The most interesting aspect of the house is the way it sits on the ground – heavily. Instead of perching the house on wooden poles or slender steel columns, Luigi Rosselli enclosed the area beneath the sundecks with substantial walls of split face concrete blocks. Looking up from below, the effect is something like watching an ocean liner bearing down on your fishing dinghy. But it’s a practical tactic which increases interior space, providing a second floor of bedrooms and bathrooms beneath the main living level.
To properly understand the building, it is necessary to look at the floor plans. These show the house has two parts – two bullet nosed arms (or boat hulls) flaring outwards from a two-storey drum incorporating a circular staircase and the front entrance. On the northern side of the house, the arms protect a small patch of level ground, landscaped as a play area for the owners children. This is accessible from the bedrooms and one of the decks.
The orientation of the house is north-east, towards the river. Two living rooms take advantage of the outlook. On the port (left) side, a large entertaining area with a kitchen and substantial fireplace opens to a sundeck preferred in winter. On the starboard side, a wide hallway leads to a smaller living area with bookcases; this opens to the “summer” deck.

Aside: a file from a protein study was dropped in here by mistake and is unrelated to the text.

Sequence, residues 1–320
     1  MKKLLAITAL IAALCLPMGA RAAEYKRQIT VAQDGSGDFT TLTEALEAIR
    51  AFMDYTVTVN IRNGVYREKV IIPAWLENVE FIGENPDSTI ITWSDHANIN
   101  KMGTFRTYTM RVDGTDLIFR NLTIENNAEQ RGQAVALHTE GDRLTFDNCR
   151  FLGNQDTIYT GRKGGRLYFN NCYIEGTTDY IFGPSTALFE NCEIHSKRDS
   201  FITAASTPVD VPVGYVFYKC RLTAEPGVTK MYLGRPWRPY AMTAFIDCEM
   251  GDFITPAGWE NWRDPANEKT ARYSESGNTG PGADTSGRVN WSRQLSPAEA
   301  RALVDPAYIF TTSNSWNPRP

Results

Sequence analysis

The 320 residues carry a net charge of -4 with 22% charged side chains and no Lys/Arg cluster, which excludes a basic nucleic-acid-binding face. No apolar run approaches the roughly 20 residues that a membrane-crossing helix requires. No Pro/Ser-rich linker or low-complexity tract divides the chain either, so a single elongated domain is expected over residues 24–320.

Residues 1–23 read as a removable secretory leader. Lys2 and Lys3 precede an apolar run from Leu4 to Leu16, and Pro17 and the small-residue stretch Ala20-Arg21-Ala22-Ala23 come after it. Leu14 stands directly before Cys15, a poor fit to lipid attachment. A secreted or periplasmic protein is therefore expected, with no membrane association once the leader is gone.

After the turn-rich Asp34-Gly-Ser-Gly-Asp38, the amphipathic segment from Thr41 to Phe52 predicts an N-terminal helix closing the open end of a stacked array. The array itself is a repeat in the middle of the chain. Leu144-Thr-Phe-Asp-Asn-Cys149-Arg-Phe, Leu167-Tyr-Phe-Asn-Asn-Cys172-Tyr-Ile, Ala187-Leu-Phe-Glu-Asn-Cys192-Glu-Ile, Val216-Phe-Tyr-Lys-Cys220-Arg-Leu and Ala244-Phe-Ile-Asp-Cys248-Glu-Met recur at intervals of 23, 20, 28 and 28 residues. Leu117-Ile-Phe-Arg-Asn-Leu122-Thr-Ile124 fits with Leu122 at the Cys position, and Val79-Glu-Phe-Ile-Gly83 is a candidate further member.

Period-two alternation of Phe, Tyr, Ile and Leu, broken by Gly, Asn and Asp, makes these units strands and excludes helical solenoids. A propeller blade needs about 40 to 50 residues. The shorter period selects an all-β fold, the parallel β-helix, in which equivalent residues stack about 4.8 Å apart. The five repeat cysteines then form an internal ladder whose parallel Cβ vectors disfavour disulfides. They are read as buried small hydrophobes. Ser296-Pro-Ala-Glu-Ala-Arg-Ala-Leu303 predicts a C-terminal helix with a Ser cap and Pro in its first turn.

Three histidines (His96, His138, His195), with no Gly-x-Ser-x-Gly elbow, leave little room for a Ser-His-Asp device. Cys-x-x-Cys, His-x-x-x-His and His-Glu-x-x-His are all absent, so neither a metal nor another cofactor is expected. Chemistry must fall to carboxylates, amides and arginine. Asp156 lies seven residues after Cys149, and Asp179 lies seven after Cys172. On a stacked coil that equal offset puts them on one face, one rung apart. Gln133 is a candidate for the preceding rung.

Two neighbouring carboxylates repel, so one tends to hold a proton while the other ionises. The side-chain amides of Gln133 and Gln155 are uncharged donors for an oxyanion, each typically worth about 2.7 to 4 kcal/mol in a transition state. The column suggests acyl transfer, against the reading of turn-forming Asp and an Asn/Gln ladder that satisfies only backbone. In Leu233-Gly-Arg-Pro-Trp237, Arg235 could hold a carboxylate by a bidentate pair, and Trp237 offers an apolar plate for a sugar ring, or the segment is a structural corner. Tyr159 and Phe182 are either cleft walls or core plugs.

Outlooks from both living rooms, if you ignore the gum trees, are reminiscent of being on the bridge of a ship. The effect is intentional. Says the architect: “I play a game on the theme of a boat at anchorage. (Text edited from Davina Jackson text for Vogue Living).
Sydney Morning Herald Architecture Award 1992
Location: Cottage Point, NSW
Architect: Luigi Rosselli
Structural Consultant: Geoff Ninnes & Partners
Builders: Kings Partnership
Interiors: Luigi Rosselli
Landscaper: Richard Stutchbury